Migration is an engine of economic growth – UN

MIGRATION is an engine of economic growth, innovation and sustainable development, says United Nations Secretary-General António Guterres. Making Migration Work for All, the report released to the UN General Assembly on Friday, is the Secretary-General’s contribution to the process of developing a Global Compact for Safe, Orderly and Regular.


“Migration is an expanding global reality ” Guterres maintained. “The time for debating the need for cooperation in this field is past”, and managing it is one of the most urgent and profound tests of international cooperation of our time.”


The report offers the Secretary-General’s vision for constructive international cooperation, examining how to better manage migration, for the benefit of all – the migrants themselves, their host communities and their societies of origin.

Guterres emphasized that migration is an engine of economic growth, innovation and sustainable development. The report highlights that there is a clear body of evidence that, despite real challenges, migration is beneficial both for migrants and host communities, in economic and social terms. The Global Compact will provide Member States the opportunity to maximise those benefits and better address migration challenges.

The report points to an estimated 258 million international migrants, or 3.4 per cent of the world’s population, with levels expected to increase. He said while the majority of migrants move between countries in a safe, orderly and regular manner, a significant minority of migrants face life-threatening conditions.

The report notes that around 6 million migrants are trapped in forced labour, and that recent large-scale movements of migrants and refugees, in regions including the Sahel and South-east Asia, have created major humanitarian crises. The report calls for the Global Compact to include a special strategy to address this.

The report underscores the economic benefits of migration. Migrants spend 85 per cent of their earnings in their host communities and send the remaining 15 per cent to their countries of origin.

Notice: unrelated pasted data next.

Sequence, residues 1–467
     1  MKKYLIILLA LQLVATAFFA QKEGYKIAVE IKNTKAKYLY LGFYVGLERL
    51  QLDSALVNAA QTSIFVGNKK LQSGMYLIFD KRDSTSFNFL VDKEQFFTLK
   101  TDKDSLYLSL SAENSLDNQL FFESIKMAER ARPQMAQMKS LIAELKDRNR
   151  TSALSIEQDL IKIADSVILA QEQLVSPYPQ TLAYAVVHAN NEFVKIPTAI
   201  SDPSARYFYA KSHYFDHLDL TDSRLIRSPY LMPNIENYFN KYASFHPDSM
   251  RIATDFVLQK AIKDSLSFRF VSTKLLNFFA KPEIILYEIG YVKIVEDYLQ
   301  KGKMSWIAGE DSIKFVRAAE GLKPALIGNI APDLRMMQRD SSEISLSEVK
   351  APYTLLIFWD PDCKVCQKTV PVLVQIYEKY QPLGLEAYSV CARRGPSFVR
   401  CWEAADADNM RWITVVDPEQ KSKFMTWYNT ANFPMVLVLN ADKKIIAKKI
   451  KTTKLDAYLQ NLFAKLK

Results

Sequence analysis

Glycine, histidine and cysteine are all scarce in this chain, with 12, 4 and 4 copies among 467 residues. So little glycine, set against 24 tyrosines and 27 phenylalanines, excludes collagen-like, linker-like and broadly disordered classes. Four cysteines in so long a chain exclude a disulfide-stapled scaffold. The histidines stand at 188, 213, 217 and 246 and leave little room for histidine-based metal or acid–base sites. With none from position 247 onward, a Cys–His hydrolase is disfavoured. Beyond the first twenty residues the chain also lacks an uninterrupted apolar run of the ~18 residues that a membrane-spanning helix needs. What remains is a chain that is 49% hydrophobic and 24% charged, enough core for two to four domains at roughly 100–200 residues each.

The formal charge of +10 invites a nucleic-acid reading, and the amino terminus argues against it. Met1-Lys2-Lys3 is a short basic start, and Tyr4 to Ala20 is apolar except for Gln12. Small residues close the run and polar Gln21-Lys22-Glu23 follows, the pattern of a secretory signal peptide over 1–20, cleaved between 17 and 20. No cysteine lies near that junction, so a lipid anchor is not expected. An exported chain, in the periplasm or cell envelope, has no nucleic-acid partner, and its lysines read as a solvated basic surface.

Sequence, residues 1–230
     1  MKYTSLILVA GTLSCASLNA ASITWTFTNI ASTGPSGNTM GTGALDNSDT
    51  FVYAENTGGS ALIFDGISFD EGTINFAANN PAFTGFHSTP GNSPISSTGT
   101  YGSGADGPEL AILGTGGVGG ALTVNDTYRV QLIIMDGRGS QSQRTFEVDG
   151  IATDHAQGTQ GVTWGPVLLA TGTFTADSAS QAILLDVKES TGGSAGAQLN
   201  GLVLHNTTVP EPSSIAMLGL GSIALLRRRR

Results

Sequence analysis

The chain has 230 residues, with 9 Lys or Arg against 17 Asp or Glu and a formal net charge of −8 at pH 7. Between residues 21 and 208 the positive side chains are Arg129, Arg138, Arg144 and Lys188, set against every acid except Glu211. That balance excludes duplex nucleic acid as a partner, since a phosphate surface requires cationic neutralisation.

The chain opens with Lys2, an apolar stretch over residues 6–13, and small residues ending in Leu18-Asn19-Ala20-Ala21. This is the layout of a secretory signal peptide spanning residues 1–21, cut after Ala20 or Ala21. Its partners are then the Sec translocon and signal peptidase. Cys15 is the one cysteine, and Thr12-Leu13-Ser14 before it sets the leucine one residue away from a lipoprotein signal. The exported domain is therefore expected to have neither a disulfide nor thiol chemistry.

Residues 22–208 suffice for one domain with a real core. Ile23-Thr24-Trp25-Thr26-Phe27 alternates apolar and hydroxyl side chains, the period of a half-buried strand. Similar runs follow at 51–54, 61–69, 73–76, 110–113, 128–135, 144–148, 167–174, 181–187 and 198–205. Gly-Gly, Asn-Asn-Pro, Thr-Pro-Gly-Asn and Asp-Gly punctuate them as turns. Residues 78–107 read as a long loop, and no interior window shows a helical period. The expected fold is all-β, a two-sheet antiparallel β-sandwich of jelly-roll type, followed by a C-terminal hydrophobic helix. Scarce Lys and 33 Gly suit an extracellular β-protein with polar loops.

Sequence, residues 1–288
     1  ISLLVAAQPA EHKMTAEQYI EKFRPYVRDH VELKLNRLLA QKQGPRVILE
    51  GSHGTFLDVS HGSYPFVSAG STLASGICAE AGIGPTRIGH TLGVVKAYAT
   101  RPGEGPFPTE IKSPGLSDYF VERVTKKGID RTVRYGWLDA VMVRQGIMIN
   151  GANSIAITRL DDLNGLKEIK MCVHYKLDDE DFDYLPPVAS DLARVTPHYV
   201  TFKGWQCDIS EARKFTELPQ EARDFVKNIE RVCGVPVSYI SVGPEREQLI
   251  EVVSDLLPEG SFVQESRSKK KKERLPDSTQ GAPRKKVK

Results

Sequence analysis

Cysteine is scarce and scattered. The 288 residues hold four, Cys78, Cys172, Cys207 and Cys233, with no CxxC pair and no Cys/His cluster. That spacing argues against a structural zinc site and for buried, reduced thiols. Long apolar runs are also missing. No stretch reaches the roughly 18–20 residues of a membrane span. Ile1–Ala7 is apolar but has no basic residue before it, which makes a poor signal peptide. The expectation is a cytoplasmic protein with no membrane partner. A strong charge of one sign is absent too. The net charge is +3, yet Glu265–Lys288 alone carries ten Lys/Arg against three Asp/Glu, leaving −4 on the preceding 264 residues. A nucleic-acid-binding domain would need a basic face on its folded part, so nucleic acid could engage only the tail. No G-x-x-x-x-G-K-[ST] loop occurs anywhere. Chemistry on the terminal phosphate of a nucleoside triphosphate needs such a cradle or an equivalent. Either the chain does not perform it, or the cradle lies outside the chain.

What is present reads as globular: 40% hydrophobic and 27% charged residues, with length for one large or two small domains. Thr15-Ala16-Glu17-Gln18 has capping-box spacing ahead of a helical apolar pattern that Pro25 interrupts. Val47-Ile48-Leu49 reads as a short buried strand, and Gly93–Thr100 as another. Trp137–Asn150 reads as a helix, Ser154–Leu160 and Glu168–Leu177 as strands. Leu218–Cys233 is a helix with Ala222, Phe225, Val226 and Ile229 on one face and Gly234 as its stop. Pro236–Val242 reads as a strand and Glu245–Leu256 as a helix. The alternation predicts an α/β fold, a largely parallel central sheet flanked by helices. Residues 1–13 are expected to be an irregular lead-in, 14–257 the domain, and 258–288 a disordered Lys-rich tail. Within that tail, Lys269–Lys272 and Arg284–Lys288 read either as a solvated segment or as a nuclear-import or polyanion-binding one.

In 2017 alone, migrants sent home approximately US$600 billion in remittances, which is three times all official development assistance.

“Women, who make up 48 per cent of all migrants, send home a higher percentage of their earnings than men, yet they face more restrictive labour policies and employment customs than men, thus restricting their economic income and social contribution. Member States are urged to promote gender equality and the empowerment of women and girls as a central element of the Global Compact,” he stated.

The Secretary-General urged governments to work together to establish a productive and humane global migration system which would enhance, rather than detract from sovereignty.

“If governments open more legal pathways for migration, based on realistic analyses of labour market needs, there is likely to be fewer border crossings, fewer migrants working outside the law and fewer abuses of irregular migrants,” he stated.

The Secretary-General maintained that a new approach to migration is necessary.

“It is now time to draw together all parts of the UN system, including International Organization for Migration (IOM), to support Member State efforts to address migration,” Guterres said.

The Secretary-General committed to working within the UN system to identify new ways to help Member States manage migration better based on the Global Compact.

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